Lebanon’s constitutional void is an opportunity for regional players

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The writer is author of ‘Black Wave’

The US vs Iran football match in Qatar, one of the most politically charged games in the World Cup, produced a series of jokes and memes in Lebanon, which does not have a team playing there. One joke stated that whoever wins the match gets the Middle East. Another said this was the first time Iran and the US would confront each other “outside of Lebanon”, long a geopolitical battleground.

In fact, the two foes played against each other in 1998. Iran won 2-1 — and you could argue that it won the Middle East. Under president Mohammad Khatami in the 1990s, Iran had seen a detente with the US as well as Saudi Arabia, but in the wake of the 2003 American invasion of Iraq, Tehran has been ascendant in the region, pumping money and weapons into proxy militias from Lebanon to Yemen and now supplying drones for Russia’s war against Ukraine.

The US win over Iran does not presage the return of a Pax Americana in the region, but it comes at a time of weakness for autocracies from China to Russia, and especially Iran, where ongoing public protests are a challenge. It also coincides with a constitutional void in Lebanon where there is a caretaker government and the president’s mandate ended on October 31. Parliament has failed to elect a replacement after an eighth electoral session last week. Regional players have a choice: impose their candidate or make concessions as the pressure mounts.

Iran and Syria would like to fill the void in Lebanon with someone malleable, as they have done since the end of the country’s civil war in 1990, to protect their hold on the nation and their regional influence. Last month, Iran’s supreme leader, Ayatollah Ali Khamenei, declared that “Iran’s active policy in Lebanon, Syria and Iraq led to foiling America’s plot in these countries” while vowing to continue to support “resistance forces in the region”. At almost the same time, Syria’s president Bashar al-Assad said Damascus would continue to support Hizbollah, the Shia and Iran-backed militant group and political force in Lebanon, which it sees as a “strategic partner”. He said Lebanon’s “stability” was crucial to Syria. Their favourite candidate was Gebran Bassil, former foreign minister and son-in-law of Michel Aoun, the outgoing president. He is now under US sanctions, so Suleiman Franjieh, scion of a prominent family and close friend of Assad, is the frontrunner.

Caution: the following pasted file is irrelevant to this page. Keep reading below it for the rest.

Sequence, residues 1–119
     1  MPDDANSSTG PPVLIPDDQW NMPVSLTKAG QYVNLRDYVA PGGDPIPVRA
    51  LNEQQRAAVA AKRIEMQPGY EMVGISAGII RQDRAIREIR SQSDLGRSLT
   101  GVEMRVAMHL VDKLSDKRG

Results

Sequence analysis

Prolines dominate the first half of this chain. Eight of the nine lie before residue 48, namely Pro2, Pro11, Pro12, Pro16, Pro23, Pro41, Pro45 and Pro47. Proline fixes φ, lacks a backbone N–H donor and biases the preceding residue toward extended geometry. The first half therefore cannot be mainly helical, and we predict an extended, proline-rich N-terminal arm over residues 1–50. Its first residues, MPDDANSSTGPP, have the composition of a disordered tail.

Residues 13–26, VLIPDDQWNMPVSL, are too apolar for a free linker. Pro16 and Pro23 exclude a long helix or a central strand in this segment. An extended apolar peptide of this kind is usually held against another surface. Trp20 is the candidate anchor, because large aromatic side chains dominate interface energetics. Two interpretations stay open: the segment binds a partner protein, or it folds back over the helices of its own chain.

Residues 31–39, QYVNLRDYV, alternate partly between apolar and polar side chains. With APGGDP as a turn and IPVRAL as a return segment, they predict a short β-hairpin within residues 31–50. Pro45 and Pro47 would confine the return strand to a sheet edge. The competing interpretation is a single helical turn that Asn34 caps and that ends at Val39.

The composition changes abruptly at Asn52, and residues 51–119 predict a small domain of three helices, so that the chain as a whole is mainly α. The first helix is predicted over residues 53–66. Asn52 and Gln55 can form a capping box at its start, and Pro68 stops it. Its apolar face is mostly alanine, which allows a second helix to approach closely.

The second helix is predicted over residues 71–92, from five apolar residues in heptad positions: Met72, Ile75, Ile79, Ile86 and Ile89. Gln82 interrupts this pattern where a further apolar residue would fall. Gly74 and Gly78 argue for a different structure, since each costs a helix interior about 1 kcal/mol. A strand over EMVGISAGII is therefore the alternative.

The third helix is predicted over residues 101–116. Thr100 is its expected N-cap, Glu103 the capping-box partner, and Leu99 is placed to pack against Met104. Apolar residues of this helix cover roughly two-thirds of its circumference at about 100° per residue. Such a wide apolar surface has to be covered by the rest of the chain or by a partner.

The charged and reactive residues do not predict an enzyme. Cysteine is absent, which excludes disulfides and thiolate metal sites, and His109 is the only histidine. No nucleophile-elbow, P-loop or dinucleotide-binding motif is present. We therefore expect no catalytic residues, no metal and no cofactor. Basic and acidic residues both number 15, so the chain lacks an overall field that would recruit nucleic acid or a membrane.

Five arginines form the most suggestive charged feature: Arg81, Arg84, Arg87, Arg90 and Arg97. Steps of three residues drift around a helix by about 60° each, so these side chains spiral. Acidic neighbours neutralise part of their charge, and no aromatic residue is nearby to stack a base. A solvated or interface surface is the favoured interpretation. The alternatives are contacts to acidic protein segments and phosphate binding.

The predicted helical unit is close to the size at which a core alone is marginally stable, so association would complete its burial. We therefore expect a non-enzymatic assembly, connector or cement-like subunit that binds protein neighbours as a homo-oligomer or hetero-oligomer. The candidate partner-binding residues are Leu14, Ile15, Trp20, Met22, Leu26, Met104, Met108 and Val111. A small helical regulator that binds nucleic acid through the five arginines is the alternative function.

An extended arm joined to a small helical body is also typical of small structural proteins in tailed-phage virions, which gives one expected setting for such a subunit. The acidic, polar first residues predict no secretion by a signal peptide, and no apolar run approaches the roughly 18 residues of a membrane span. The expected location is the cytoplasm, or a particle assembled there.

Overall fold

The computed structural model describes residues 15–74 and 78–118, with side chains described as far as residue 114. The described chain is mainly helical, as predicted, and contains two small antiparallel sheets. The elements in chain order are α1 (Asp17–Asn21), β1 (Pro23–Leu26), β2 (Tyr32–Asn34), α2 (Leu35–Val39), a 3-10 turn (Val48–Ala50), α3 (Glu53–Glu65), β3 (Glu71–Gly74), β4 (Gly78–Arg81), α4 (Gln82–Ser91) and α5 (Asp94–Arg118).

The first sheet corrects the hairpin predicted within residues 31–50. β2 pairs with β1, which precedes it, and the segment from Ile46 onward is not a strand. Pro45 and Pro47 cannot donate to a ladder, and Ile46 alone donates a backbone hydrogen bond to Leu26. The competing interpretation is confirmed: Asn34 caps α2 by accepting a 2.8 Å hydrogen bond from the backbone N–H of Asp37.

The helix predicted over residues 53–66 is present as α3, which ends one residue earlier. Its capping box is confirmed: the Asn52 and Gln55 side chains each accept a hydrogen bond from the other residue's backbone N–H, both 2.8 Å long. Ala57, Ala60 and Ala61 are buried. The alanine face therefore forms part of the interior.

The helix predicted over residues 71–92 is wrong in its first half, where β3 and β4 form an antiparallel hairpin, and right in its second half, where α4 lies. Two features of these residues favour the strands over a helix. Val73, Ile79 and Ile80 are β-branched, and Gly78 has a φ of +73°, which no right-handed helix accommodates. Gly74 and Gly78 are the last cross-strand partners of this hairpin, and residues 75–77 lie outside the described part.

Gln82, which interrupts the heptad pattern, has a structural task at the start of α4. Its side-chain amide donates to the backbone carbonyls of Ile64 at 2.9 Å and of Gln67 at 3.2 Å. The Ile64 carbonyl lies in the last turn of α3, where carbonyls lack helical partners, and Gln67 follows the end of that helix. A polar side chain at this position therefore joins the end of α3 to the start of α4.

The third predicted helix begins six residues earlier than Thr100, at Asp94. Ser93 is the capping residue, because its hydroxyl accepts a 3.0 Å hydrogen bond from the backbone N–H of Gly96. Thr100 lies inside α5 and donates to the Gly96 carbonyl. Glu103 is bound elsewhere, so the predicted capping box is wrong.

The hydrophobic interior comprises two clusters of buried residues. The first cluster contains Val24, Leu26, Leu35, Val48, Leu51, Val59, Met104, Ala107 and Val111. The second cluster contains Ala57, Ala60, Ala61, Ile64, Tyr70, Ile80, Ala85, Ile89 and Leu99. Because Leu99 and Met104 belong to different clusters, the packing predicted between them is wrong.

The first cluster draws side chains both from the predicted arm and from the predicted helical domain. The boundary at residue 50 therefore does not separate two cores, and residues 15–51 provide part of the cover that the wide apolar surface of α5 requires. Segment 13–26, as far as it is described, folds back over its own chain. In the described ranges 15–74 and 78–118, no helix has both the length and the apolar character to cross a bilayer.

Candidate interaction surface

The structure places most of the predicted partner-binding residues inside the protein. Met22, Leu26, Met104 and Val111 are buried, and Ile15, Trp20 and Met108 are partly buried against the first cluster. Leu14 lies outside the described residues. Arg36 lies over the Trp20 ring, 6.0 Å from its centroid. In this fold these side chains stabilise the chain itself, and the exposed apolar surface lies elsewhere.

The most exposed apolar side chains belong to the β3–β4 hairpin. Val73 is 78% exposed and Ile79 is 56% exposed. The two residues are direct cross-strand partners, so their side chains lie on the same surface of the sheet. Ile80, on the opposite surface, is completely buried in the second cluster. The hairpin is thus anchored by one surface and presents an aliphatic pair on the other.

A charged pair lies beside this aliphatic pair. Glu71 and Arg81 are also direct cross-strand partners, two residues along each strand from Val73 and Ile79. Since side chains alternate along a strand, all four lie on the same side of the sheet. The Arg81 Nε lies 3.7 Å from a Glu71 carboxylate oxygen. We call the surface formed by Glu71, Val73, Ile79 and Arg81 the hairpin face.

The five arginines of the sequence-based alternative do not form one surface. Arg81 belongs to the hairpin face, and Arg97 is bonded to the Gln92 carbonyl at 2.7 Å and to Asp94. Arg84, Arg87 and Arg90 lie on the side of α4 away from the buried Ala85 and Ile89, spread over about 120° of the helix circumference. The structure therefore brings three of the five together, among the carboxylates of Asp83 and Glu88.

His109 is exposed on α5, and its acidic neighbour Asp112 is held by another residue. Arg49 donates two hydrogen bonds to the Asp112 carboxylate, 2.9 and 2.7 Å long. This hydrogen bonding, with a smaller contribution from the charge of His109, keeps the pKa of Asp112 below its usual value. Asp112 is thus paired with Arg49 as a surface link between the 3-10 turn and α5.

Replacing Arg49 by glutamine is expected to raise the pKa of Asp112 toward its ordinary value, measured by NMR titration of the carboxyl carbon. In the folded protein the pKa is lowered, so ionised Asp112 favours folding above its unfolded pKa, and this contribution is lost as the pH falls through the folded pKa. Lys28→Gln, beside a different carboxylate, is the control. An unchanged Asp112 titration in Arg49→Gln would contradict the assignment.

Syria once occupied Lebanon with 30,000 troops. Assad has not commented much on his smaller neighbour since his own rule was challenged in 2011 and he responded with devastating violence, assisted by Iran and Russia. But the statements out of Damascus and Tehran indicate they feel the need to make a renewed play for Lebanon for the long term. Next year, key levers of power will come vacant as the army chief, governor of the central bank and security chief all retire. The bargaining over who replaces them has only just started.

In the grand scheme of things, Lebanon is a nagging irritant that barely registers with Joe Biden’s administration as the US grapples with the war in Ukraine and rivalry with China. Lebanon has been sinking into poverty, popular despair and institutional decrepitude since an economic crash in 2019 that spurred nationwide protests. Although the World Bank has accused the country’s ruling establishment of causing a “deliberate depression”, the political elites remain firmly ensconced.

The Biden administration might be tempted to agree to Iran and Syria’s preferred candidate for Lebanese president or acquiesce to a quick compromise on the full deck of positions. But quick compromises often include easily-missed fine print. In 1990, when the US wanted Syrian participation in Operation Desert Storm to liberate Kuwait, it turned a blind eye to Hafez al-Assad’s full takeover of Lebanon. Pax Syriana conveniently put an end to 15 years of war in Lebanon as George H W Bush declared a new world order.

But the fine print then required all militias to give up their weapons, except those fighting the enemy — namely Israel. Hizbollah grew from a deadly bunch of rag-tag operatives accused of blowing up the US Marines in Beirut in 1983, killing 241 people, to a highly organised, regional paramilitary force and powerful political party with veto power over Lebanon’s future.

The US will not be able to impose a presidential candidate today but neither should it give its rivals a gift in Lebanon. Biden speaks often of the global battle between democracy and autocracy, but that also plays out within countries. Washington should see Lebanon not as a minor headache but as a contested space where freedoms can expand on the periphery of thornier issues such as Iran.

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